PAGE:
Exploring the opportunities and risks of aerial monitoring for biodiversity conservation
Prof Rosaleen Duffy participated in this workshop organised by Dr Naomi Millner at Bristol University 5-6 July 2021 as part of Dr Millner’s British Academy project on drone ecologies
You can watch a recording of the keynote by Trishant Simlai and her introductory comments here
Recordings of all the sessions are available on the Cabot Institute, University of Bristol website
It was an interdisciplinary workshop that explored how drones and other monitoring technologies are being implemented as part of biodiversity conservation initiatives around the world. Bringing together social scientists, engineers, anthropologists, geographers, ecologists, technicians, political ecologists, practitioners and other experts, we explored the opportunities that such technologies offer — for example, for democratising the way that knowledge about nature is produced, or yielding new insights into forest loss or habitat restoration. We also explored the potential risks of new monitoring technologies, and what we can do to ensure that they are not exploited to infringe on the rights of rural communities.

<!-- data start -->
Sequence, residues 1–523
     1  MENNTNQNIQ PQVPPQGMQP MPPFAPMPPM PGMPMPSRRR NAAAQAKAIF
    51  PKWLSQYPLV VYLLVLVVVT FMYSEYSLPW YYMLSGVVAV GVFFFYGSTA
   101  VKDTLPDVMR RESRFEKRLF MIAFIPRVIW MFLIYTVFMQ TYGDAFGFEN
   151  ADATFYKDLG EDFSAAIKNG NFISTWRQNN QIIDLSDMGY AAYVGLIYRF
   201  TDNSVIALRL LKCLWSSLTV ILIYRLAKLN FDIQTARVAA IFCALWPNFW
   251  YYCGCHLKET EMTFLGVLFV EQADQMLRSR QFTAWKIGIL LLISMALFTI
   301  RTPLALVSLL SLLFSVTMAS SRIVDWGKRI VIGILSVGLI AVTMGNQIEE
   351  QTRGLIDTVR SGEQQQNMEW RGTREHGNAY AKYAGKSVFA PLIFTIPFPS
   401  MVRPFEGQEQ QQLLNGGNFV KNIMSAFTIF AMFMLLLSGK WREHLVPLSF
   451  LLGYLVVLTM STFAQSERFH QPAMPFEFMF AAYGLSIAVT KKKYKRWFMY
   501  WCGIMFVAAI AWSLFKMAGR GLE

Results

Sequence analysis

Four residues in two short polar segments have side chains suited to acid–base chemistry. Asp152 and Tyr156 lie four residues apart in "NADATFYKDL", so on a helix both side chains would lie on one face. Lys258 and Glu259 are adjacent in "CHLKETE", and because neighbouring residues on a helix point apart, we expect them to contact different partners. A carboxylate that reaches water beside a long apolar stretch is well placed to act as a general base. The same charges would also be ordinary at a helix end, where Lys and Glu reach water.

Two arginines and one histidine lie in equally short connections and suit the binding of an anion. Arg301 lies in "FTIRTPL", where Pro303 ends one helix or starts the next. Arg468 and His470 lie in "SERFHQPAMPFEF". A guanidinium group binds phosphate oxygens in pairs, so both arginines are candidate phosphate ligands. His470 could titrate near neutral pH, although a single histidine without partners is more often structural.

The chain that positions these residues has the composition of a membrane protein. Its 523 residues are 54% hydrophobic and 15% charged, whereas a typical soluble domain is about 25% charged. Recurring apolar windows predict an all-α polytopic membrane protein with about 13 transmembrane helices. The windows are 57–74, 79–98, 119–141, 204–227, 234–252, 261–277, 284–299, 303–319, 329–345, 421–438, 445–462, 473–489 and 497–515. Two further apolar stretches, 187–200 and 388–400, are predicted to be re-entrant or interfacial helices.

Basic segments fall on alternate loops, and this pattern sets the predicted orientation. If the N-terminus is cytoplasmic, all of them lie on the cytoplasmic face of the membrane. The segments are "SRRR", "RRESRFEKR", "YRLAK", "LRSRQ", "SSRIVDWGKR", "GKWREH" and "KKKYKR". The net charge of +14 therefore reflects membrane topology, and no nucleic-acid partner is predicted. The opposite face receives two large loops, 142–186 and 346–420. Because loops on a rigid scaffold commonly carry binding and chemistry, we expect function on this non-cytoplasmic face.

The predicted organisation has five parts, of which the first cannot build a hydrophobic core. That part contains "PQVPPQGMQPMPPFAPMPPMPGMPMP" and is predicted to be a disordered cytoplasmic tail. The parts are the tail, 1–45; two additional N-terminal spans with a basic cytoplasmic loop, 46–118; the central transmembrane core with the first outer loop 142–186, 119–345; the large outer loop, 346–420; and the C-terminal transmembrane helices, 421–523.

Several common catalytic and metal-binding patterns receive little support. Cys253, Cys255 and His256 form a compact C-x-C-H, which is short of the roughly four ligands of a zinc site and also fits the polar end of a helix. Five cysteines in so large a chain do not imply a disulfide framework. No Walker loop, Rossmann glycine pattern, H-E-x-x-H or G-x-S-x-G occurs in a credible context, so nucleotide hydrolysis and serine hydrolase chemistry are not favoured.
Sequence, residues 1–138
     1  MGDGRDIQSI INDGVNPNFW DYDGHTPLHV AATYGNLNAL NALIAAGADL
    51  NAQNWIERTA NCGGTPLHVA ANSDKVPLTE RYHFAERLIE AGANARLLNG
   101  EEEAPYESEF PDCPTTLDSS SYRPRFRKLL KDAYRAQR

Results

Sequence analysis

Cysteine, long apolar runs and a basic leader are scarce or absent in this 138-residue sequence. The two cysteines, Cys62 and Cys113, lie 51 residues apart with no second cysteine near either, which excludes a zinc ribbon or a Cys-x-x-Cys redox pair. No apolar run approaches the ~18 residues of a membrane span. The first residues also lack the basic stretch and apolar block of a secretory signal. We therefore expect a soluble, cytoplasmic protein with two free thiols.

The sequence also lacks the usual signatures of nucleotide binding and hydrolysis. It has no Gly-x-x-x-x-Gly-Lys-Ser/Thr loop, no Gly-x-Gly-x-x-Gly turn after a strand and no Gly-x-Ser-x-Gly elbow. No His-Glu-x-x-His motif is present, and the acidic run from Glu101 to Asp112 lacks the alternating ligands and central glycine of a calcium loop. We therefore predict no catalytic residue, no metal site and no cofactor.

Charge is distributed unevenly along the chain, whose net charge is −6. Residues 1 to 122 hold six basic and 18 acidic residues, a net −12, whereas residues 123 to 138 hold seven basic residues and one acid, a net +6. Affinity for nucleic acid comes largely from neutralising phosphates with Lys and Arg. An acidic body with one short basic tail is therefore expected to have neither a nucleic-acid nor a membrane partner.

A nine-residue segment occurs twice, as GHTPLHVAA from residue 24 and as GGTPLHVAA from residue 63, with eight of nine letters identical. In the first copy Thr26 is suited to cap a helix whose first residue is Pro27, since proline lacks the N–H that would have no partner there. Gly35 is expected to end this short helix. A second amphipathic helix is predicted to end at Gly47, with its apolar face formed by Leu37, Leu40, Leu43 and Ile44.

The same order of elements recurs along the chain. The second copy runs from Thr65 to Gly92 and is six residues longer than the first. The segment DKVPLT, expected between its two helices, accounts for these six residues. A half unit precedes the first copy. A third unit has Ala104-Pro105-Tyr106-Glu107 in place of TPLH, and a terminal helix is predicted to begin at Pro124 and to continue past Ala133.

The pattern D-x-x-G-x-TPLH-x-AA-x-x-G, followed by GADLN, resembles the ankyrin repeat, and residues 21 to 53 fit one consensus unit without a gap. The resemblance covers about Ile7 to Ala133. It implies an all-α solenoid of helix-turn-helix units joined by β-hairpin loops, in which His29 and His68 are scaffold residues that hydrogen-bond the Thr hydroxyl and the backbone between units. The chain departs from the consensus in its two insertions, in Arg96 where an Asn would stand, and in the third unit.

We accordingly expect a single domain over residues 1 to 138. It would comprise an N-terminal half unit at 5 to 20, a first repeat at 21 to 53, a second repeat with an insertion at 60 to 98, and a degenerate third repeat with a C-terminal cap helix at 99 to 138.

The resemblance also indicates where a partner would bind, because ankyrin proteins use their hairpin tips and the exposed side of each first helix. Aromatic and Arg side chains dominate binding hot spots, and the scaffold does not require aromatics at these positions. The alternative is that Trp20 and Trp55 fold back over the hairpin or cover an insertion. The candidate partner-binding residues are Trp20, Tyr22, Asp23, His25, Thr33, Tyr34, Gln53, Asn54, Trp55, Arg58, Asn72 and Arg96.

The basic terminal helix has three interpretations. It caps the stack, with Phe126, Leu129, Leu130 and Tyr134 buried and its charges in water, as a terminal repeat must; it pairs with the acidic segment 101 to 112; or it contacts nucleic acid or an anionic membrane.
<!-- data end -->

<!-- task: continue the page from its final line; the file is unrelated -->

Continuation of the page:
Through plenary sessions, roundtables and discussion workshops, the workshop explored four key lines of questioning across the disciplines:
- Technicalities: What can drones do in forest/wildlife conservation?
- Rights and communities: How can drones be used to support the rights of rural communities?
- Drones and green securitisation: Where and when does monitoring become surveillance?
- Ethics and protocols: What are best practices for ensuring that drones are used to foster and promote environmental justice
Full Programme Drone Ecologies programme 2021 (PDF, 248kB).